By Dave Schwab
Program gives homeless work, access to programs
Thanks to the pioneering efforts of a mom and her son, the city and Alpha Project partnered to create a pilot program to get homeless people off the street and on their feet by furnishing them with day jobs.
Wheels of Change, the new program currently operating in Downtown San Diego, is based off a similarly successful model in Albuquerque, New Mexico called “There’s a Better Way.”
Wheels of Change is initially rolling out two days a week, with a van driving 10 homeless people to designated areas to pick up trash, pull weeds, clear brush, etc. for five hours. They are compensated after their workday is completed.
Wheels of Change not only gives homeless participants the dignity of work, but also connects them with social services. The program also assists in transitioning homeless to permanent housing.
Co-creators of the new homeless jobs program are Dr. Carolyn Barber, an emergency medicine physician affiliated with UC San Diego Medical Center, and her son, Kevin, a private high school junior.
Kevin Barber talked about how Wheels of Change began.
“My mom and family always talk about homeless issues, and about wanting to do something to help,” he said, noting he saw short videos online about a similar homeless jobs program in New Mexico. “I got really interested when I saw how big an impact it was having on homeless people in Albuquerque.”
So, the Barbers took a New Mexico trip to check out its homeless jobs program. “They were very supportive and wanted to help me bring it to San Diego,” Kevin said. “Then we realized we needed a nonprofit to support us and help run the program.”
Enter Alpha Project, is a 501(c)(3) nonprofit human services organization located Hillcrest, which serves more than 4,000 homeless daily with an array of programs including housing.
Approached by the Barbers about Wheels of Change, Alpha Project Chief Administrative Officer Amy Gonyeau said it was a perfect fit as a “starting point” for homeless self-help. Gonyeau added the new program is a win-win all around.
“It really helps with cleaning the communities, and the other component is it provides peer outreach,” she said, noting it affords homeless participants from Alpha Project’s Downtown homeless shelter the opportunity to interface with people on the street to explain their shelter experiences, detailing how that’s helped them while encouraging others to follow suit.
The final piece to put Wheels of Change in motion was acquiring the support of local government, which was provided by District 7 Councilmember Scott Sherman. He liked the idea of a program to give the homeless a hand-up.
“It gives the homeless a positive experience to have a job giving them a sense of real worth,” said Sherman. “It’s a way for people who want to work to do that.”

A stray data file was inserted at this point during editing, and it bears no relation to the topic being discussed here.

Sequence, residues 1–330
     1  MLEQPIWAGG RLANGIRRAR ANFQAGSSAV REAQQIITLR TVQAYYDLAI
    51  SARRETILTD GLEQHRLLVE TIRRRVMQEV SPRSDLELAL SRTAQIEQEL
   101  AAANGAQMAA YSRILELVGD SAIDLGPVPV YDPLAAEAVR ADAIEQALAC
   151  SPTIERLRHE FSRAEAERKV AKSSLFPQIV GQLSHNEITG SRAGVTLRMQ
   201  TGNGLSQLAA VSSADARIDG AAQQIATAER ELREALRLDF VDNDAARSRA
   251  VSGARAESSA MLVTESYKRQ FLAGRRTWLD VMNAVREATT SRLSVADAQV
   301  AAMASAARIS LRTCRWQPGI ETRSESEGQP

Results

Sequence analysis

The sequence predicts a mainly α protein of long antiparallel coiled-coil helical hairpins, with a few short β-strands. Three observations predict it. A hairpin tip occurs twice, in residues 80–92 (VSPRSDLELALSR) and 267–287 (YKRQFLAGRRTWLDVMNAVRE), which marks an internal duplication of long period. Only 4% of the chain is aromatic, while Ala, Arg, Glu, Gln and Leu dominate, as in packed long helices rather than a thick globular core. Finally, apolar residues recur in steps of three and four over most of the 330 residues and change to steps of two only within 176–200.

Wheels of Change is a step in the right direction, said the councilman.
“With community buy-in, and the political will, we can help get a large portion of the homeless population off the street,” he said.
Sherman added he was impressed that a 16-year-old boy and his mother were smart, enterprising, and courageous enough to advance such a model homeless jobs program.
Carolyn, who went out recently on the Wheels’ homeless van, was “inspired” by what she saw.
“The homeless we met were motivated, like Cory, who told us, ‘It’s easy to pick up that “I’m homeless” attitude on the streets. This gave me a work ethic. … It makes me feel good and like I’m giving back. … It puts a few bucks in my pocket so I can get clothes, shampoo and shave.’”
Barber also encountered a homeless electrician who lost his job because of hospitalization. “He does not want handouts, or to be on disability, but wants to work,” Carolyn explained.
Barber recounted another story of a homeless former substitute teacher she met “who is now applying to nine different jobs at Home Depot.”
Barber concluded with her most poignant story of all about Susan Graham.
“A week and a half ago she was about to jump off the Coronado Bridge,” Barber said. “A bystander and Alpha Project saved her life. Graham now says she ‘wants to be an example to others.’ Working together as a community — we can change one life at a time.”
Alpha Project’s Gonyeau said Wheels of Change has been so successful thus far that, “We’ve got a list of 150 people signed up on a waiting list to participate.”
In other good news, Councilmember Sherman is working to expand the Wheels of Change pilot program.
“We’re going over the budget to see if we can expand it to five days adding two or three more vans,” he said.
—Dave Schwab can be reached at firstname.lastname@example.org.